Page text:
Written by: Nicky Barker, Founder of Little Ones & Paediatric Sleep Specialist
We recently launched our new Baby Nutrition Programwritten by registered Dietitian and Nutritionist Tara Sofair. With a background in both hospital and private health sectors, Tara has a passion for paediatric dietetics and after becoming a mother herself this passion grew even stronger. So, with that in mind it’s time to meet the lovely lady behind our Baby Nutrition Program.
What is a Dietitian?
A Dietitian is a university qualified nutrition expert who has studied biochemistry, medical nutrition therapy, human biology and public health and has completed clinical placement experience (in a variety of settings including hospitals). Dietitians provide evidence based practice, meaning that they endeavour to always provide information that is backed by scientific research.
What made you want to be a Dietitian?
I have always had a huge passion for science and how the body works. Nutrition has always fascinated me because it is important not just physiologically but also socially and psychologically. These passions, combined with my desire to work in a career that helped people, lead to my decision to study dietetics.
Tell us about your background
I am an Accredited Practising Dietitian and Nutritionist from Australia. I studied at university for 3 years in Perth at ECU and then finished off the last 2 years of my qualifications at USC in Queensland. I have worked in private practice as well as in a hospital setting.
Why did you want to pair up with us at Little Ones to create the Baby Nutrition Program?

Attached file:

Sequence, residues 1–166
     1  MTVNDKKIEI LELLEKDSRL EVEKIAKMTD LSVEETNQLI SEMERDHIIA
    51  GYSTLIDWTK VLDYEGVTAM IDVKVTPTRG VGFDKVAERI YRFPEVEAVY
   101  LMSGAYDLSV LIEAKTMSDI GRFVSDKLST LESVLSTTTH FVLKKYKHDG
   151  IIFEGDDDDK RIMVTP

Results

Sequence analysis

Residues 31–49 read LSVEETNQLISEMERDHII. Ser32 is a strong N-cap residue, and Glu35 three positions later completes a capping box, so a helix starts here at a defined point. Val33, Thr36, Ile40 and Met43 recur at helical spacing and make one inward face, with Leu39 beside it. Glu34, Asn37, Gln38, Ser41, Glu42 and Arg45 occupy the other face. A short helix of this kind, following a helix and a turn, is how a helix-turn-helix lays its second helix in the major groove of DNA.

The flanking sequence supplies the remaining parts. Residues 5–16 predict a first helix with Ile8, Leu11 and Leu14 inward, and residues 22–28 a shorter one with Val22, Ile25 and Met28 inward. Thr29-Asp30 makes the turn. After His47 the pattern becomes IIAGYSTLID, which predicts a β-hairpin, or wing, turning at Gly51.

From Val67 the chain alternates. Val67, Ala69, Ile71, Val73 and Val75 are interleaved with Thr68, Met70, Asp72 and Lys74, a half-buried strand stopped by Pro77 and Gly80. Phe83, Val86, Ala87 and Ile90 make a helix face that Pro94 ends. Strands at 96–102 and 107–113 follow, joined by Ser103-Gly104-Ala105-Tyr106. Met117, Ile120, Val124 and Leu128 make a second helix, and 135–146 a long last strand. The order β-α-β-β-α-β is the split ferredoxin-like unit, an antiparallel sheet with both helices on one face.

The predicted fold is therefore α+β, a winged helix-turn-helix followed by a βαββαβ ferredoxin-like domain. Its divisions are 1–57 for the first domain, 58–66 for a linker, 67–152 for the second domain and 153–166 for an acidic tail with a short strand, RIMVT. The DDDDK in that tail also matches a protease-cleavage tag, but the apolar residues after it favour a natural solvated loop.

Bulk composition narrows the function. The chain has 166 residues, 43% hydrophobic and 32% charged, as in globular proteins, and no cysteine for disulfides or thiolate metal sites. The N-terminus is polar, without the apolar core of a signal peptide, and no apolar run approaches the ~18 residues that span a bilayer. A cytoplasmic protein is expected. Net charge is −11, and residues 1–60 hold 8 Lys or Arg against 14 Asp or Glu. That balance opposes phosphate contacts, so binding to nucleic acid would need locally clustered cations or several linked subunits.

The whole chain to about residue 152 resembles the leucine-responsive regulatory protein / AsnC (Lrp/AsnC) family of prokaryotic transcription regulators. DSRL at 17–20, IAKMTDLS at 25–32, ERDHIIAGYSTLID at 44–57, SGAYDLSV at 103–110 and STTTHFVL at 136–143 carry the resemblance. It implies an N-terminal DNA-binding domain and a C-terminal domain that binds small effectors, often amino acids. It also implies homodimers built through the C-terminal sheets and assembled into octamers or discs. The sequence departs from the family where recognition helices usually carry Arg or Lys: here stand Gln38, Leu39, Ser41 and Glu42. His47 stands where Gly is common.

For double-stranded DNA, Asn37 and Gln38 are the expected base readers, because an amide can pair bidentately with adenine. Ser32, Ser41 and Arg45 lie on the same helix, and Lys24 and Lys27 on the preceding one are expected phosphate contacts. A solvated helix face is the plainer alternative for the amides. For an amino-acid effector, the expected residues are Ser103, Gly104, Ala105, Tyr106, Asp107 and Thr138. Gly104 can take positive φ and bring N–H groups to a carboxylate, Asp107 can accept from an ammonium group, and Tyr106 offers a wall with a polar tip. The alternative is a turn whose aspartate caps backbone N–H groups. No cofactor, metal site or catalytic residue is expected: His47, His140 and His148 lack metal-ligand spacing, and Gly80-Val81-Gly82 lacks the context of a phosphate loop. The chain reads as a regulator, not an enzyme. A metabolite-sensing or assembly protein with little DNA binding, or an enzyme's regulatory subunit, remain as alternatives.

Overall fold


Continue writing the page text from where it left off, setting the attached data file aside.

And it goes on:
As a Dietitian the most important thing for me is evidence based practice and when I saw that this was at the heart of the Little Ones company I knew I wanted to be a part of it. I also loved the fact that the Little Ones message is to provide parents with education so that they can feel confident to make their own informed choices for their children. This resonated very strongly with me because I feel that people want to understand the process behind all the decisions they make with their child, particularly in regards to nutrition.
What was your process when writing the Nutrition Program?
My biggest pet peeve is educational information that is non-engaging, incorrect or confusing. Therefore, I had three main goals when writing the Baby Nutrition Program:
Make it interesting: Ensure to include cutting edge and engaging information.
Make it evidence based: I have seen so many confused parents due to the amount of conflicting information available and I wanted to create a program with clear information, based on scientific evidence.
Make it simple: There is a lot of information out there that it can be difficult to find the key messages. Everything has been laid out in the Nutrition Program so that it’s easy to navigate to quickly locate the information you want to know.
What nutrients are most important to help babies thrive and grow?
All nutrients are important but there should be a particular focus on iron. Iron is integral to a little one’s growth and development and babies under the age of 12 months old are at an increased risk of iron deficiency anaemia.
How important is it to get your baby's nutrition right early on?
It’s extremely important because what your baby eats in the first two years can impact their health for the rest of their life!
Do you have any little ones?
Yes I have a 16 month old boy named Louie, so I have experienced the highs and lows of infant feeding first hand!
What do you like to do in your spare time?
I love to cook for my family and friends, grocery shopping (most dietitians love to go to the supermarket and browse new products, don’t judge us!), reading, and spending time with my two boys (my son and my hubby).
"I am incredibly passionate about nutrition in general, and specifically how dietetics can be applied to empower parents to make the right choices for their children in early life, to give them the best start possible."